28th January 2020
12 things we can do to help save the world
The new decade is under way, and what a beginning. Unprecedented bush fires in Australia. The Doomsday clock ticking onward... Another series of Love Island to avoid. Miserable stuff to start the decade. But despair not! We are capable of working together for the greater good. From the resolution of the Cuban missile crisis, the WHO, Live Aid, to the UN & EU (corrupt and bloated as the EU is).
An old man, walking at dawn along a beach saw that it was strewn with thousands of starfish washed ashore by a storm the previous night. In the half light he saw a younger man apparently dancing in the distance near the water's edge. As he approached he saw the youth was spinning the stars back into the sea, one by one. Puzzled, the man looked down at the lad and asked what he was up to. Without looking up, the boy replied, “I’m saving these starfish." The old man chuckled, “My boy, there are thousands of starfish and only one of you. What difference can you possibly make?” The youth picked up a star and tossed it into the water. Turning to the man, said, “I made a difference to that one!”*
A few us us giving up plastic straws won't do a great deal of good, or even many sea creatures but every action and inaction has a consequence. The greatest thing we can do is use our voices and our votes, more on that later, but in the meantime...
January and February
Declutter your home and live longer
Too much stuff? New Year, new broom! Decluttering your home life is great for the soul and may even help you live longer. The
According to a study conducted by UCLA, more clutter in the home has a correlation with higher cortisol (the "stress hormone"), especially in mothers. The best way to keep the clutter down is to reduce what we bring in: less consumption is of course better for us and better for the planet. Something made and owned once is rarely ever completely gone. But if you are already cluttered, and most of us are perhaps you you try a bit of Swedish Death Cleaning! Rather than being some kind of modern viking purge, it is the mindful and ongoing process of clearing out of possessions and clutter in the latter part of one's life: shedding those unnecessary objects in favour of those that we actually need and leaving a far less onerous task for the loved ones we leave behind when we eventually shuffle off this mortal coil.
I love this US wartime conservation motto,
"Use it up, wear it out, make it do or do without" was something our parents' generation did naturally during and after the second world war, but the old adage is as valid and relevant today as it's ever been.
From clothing and bedding to water bottles and soap dispensers, only a fraction of all plastic ever made is recycled. With a bit of thought and effort we can choose alternatives. The Zero Waste Near Me web site is a handy locator for zero waste shops.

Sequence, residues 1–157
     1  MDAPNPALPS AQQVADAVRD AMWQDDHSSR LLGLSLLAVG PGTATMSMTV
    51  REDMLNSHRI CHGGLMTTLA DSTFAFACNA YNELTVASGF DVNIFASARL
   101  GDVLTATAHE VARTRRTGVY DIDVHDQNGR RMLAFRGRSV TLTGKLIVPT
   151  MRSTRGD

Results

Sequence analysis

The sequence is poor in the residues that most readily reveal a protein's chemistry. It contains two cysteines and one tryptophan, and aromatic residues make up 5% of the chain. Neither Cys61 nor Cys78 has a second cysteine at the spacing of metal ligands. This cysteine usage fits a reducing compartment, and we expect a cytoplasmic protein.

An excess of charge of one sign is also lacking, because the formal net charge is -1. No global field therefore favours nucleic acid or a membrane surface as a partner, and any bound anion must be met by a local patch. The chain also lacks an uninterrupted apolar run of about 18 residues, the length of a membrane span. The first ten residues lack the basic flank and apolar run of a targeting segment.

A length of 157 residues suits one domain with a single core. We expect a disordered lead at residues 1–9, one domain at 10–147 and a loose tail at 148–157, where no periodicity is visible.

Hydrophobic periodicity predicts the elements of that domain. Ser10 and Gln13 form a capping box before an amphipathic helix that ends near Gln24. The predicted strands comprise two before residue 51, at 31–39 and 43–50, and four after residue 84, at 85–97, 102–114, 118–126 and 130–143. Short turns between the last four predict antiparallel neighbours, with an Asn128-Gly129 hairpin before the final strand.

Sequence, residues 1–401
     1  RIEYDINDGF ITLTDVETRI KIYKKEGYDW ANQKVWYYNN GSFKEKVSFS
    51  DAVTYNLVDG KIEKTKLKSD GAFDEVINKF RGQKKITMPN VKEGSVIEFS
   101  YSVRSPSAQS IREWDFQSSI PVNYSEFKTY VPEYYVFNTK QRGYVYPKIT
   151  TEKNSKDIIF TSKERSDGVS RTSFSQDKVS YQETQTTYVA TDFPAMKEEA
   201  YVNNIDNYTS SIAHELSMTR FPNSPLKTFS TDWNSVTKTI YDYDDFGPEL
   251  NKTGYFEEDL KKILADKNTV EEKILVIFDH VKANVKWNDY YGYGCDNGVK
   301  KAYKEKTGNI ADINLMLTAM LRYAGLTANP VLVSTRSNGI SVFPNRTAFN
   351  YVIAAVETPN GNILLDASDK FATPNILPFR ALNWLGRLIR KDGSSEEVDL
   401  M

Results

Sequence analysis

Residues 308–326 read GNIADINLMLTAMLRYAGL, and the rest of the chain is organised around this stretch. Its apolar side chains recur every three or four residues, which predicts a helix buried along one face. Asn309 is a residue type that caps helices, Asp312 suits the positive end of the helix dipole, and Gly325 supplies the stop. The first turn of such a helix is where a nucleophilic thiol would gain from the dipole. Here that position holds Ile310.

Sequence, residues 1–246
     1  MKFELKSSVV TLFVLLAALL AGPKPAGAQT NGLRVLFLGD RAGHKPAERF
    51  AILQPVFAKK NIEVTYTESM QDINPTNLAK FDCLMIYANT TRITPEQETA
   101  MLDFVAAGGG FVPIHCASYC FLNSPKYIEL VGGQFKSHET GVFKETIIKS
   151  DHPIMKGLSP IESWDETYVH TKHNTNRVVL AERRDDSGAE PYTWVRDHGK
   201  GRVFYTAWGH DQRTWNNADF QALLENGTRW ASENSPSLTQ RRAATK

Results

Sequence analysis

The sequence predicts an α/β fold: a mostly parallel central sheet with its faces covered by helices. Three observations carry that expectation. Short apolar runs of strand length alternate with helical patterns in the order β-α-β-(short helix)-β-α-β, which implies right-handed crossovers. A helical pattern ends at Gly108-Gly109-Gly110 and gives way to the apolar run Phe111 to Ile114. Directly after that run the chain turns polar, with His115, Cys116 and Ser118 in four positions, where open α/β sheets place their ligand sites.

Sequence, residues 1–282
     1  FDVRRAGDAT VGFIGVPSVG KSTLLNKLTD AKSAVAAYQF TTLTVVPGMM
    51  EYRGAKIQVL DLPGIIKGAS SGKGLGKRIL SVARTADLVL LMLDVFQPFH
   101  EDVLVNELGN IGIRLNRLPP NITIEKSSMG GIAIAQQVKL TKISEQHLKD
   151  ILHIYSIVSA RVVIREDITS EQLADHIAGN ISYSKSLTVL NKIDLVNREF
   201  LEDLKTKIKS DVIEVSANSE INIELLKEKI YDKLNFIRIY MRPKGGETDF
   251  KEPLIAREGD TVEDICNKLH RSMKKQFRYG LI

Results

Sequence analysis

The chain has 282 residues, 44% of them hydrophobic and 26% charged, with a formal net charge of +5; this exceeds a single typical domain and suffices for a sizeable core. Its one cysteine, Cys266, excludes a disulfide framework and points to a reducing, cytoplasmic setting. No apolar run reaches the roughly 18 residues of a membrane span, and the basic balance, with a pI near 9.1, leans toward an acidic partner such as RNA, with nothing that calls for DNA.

Wool is still a byproduct of low intensity agriculture, is 100% biodegradeable and will last for years.
Less meat more plant
If you haven't already done "Veganuary" it's not too late to reduce your meat intake (or meat eating days) for the rest of the year. It's not just good for the environment, it's good for you. Methane in beef, sheep and pig farming is a serious issue and although, as I previously reported, scientists are working on breeding sheep that produce less methane we should all eat less red meat anyway.
Turn down the heat in February? Really?
For most of our readers February is the coldest month of the year and, unless you are smart enough to have already moved into a Passivhaus, you're likely to be suffering the highest heating costs of the year this month.
Turn it down and layer up
So why should get out and buy a good thinck wool jumper and turn down the heating at home? (No we don't sell them yet, but Finisterre does).
Government studies show that if we all turned down the heating by 2 C from 20 C to this at home it would very likely save up to 33,400 GWh of energy, that's 3,090 KWh per household per year). What does this mean?
Well... that is 33 million Megawatt hours. In other words...
Nearly twice the energy that the City of Birmingham uses in a year or more than Hinckley Point C nuclear power station could generate over six weeks (if it's ever finished). Meat may be going out of fashion but wool (not polyester) jumpers are in. And so it must finally be acceptable for a British gentleman wear a hat indoors. And not just a nightcap.
Bake a cake
My more fluffy but less woolly solution: stay active and bake a ginger cake. Eschew the electric mixer and mix by hand. It'll get you warm in three ways; the mixing, the baking and, yes, the eating.
Of course traditional Chinese medicine practitioners have been using ginger as effective remedies for maybe a thousand years and old salts have also known of the qualities of ginger for hundreds of years. When I was a professional yachtsman, if I had a seasick crewman I would put the clammy pallid creature on the helm and give him or her a root of ginger to chew on. I didn't know the science (nobody does) but for sure it woke and warmed them up, got rid of the seasickness and made them useful again. Even in the North Sea. Even in February.
12 things we can do to help save the world is art of an ongoing blog post. Please come back later for more.
* Inspired by The Star Thrower by Loren Eyseley via Joel Barker